Uber Offers Self-Driving Taxis To Las Vegas Riders
LAS VEGAS – According to a news release issued Wednesday, ride-hailing giant Uber is now offering Las Vegas clients the opportunity to hail self-driving taxis produced by another company through its app. According to the statement, the autonomous vehicles are now only accessible for ride-hailing in Las Vegas, but there are plans to extend to Los Angeles “at a later date.”
Motional’s driverless robocars are delivered with two “vehicle operators” behind the wheel to oversee the technology and provide additional support to riders. Uber has stated that it intends to introduce a fully autonomous service with Motional in 2023.
Before the journey is confirmed, users who request a ride will be given an autonomous car if one is available. If a customer opts in, Motional will send a self-driving Hyundai Ioniq 5 mid-sized hatchback to pick them up.
Motional has been providing robotaxi services in Las Vegas through Uber competitor Lyft since 2018, however, journeys before 2020 were provided by parent company Aptiv.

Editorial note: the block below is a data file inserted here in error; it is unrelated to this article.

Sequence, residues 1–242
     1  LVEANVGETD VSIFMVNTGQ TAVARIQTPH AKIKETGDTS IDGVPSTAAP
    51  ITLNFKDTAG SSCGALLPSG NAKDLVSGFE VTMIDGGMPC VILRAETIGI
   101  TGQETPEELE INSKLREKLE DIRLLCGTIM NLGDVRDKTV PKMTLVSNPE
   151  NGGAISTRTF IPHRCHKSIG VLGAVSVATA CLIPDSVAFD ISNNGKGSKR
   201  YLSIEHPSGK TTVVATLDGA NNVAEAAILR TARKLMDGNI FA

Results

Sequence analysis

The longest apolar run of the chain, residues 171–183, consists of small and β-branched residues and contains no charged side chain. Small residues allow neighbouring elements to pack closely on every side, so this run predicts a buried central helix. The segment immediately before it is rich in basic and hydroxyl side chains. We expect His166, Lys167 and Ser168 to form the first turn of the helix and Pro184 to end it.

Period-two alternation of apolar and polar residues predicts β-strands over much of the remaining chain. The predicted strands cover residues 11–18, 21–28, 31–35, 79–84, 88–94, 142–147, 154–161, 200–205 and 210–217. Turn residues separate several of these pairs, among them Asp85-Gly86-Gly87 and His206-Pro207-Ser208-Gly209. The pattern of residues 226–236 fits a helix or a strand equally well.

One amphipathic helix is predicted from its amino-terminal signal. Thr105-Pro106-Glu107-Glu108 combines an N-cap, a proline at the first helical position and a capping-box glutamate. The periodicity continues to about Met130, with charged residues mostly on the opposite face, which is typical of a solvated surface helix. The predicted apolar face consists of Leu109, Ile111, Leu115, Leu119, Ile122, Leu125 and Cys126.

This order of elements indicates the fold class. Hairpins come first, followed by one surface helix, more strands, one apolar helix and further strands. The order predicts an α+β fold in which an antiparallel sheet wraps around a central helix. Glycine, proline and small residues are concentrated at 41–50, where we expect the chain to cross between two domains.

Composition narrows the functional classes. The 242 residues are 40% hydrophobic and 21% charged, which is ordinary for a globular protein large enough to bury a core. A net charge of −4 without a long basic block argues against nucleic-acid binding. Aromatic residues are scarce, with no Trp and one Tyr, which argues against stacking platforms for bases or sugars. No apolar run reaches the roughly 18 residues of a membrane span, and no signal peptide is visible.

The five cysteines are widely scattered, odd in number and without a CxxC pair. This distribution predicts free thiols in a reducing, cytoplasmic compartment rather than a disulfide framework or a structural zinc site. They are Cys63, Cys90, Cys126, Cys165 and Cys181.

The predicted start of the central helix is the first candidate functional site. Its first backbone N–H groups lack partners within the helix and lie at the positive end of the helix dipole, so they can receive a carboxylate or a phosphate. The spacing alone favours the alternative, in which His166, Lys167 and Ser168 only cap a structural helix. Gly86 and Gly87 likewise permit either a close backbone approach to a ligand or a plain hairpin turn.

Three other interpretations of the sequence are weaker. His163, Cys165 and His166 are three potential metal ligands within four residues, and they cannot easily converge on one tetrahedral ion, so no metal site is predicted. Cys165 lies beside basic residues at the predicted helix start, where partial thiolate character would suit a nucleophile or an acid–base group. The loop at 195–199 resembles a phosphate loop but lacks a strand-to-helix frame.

Uber and Motional first announced their non-exclusive 10-year deal in October, two years after Uber sold its own self-driving section, Advanced Technologies Group, to San Francisco-based startup Aurora. The sale came after a five-year development period that was marred by litigation and a tragic collision.
Waymo, Google’s self-driving car division, sued Uber in February 2017 for alleged trade secret and intellectual property theft, with Waymo getting approximately $245 million in Uber shares as part of the settlement and Uber promising not to exploit private Waymo knowledge. A month later, one of the ride-hailing company’s test vehicles struck and killed a pedestrian in Tempe, Arizona, dealing another blow to its self-driving program. Behind the wheel, an Uber test driver, who was supposed to monitor the vehicle and intervene if necessary, was watching a television show on her phone.
Uber is aiming to restructure its economic model away from being completely reliant on its massive fleet of independently contracted drivers, a business strategy that has caused the company legal headaches in recent years. The Biden administration is currently proposing a new labor rule that could classify millions of these gig workers as employees, putting the low-cost labor models that have propelled Silicon Valley heavyweights like Uber in jeopardy.
Credits: Fox 5 Vegas
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